General anaesthesia reduces the tonic contraction of the orbicularis oculi muscle, which causes lagophthalmos in up to 59% of patients. If the anaesthetist does not ensure that the eyes are fully closed, exposure keratopathy occurs in 27–44% of patients. Anaesthesia decreases production of tears the film stability plus inhibits the protective mechanism afforded by Bell's phenomenon (in which the eyeball turns upwards during sleep, protecting the cornea). The combination of these may lead to corneal epithelial drying.
Chemical injury can result from cleaning materials on the facemask and inadvertent spillage of antiseptic skin preparations onto the eye. The only antiseptic skin preparation that is not toxic to the cornea is preservative-free povidone–iodine 10% in aqueous solution. It is the agent of choice when antimicrobial skin preparation of the face is required.
Antiseptic solutions with detergent readily penetrate the corneal epithelium causing damage to the underlying iris, ciliary body, lens and blood vessels leading to ischaemia. Chlorhexidine, cetrimide, aqueous povidone–iodine containing phenol and alcoholic antiseptic solutions cause oedema and de-epithelialization of the cornea.
Trauma to the eyes can occur at anytime during the perioperative period. During induction of anaesthesia it can be caused by ill-fitting facemasks, the laryngoscope, the anaesthetist's fingers, watchstrap, identification badge or stethoscope. After induction of anaesthesia trauma to the eyes by surgical drapes, surgical instruments and during patient repositioning have all been reported. In the recovery unit, the patient's fingers, pulse oximeter probe, pillow, Hudson mask and removal of the occlusive tape from the eyelid may injure the eye.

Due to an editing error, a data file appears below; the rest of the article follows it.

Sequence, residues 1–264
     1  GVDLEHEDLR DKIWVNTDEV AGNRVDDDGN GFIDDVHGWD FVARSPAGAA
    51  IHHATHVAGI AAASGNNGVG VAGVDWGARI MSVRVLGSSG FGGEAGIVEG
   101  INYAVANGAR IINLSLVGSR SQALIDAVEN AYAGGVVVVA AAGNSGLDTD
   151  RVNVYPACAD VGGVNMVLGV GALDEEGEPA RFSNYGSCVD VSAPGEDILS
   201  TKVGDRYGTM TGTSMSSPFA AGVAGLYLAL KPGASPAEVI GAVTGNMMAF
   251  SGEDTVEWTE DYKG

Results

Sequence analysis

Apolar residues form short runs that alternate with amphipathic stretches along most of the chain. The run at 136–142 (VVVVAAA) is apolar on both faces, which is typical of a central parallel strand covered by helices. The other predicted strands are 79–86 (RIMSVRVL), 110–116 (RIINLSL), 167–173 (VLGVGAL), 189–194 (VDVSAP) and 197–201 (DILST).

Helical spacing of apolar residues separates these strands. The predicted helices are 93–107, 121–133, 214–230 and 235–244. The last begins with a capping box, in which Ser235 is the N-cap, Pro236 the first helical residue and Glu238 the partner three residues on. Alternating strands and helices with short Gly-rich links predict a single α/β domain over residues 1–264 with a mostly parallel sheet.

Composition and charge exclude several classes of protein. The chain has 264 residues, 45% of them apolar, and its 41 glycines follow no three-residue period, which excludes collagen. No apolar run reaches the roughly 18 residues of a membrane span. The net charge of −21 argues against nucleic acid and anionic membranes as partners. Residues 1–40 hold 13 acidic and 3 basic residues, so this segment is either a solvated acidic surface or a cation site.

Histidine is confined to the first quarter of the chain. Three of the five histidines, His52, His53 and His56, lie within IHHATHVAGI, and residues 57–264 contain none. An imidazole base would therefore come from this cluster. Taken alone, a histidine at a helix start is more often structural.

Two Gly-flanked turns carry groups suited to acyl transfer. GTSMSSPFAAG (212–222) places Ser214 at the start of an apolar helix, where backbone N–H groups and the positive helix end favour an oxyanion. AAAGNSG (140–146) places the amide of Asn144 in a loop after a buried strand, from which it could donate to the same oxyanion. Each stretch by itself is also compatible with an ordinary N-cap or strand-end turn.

Patients often rub their eyes on emergence from anaesthesia. Placing the pulse oximeter probe on either the little or ring finger of the non-dominant hand can reduce the risk of trauma to the eye. Removal of tape from the eyelid at the end of surgery should be from the upper eyelid to the lower to prevent exposure." 2
"Corneal abrasions are the most frequent ocular complications following general anesthesia, and are a painful burden to the recovering postoperative patient. The most recent ASA closed claim analysis showed that eye injury occurred in 3 percent of all claims in the database. Of these claims, 35 percent represented corneal abrasions with a 16 percent incidence of permanent eye injury.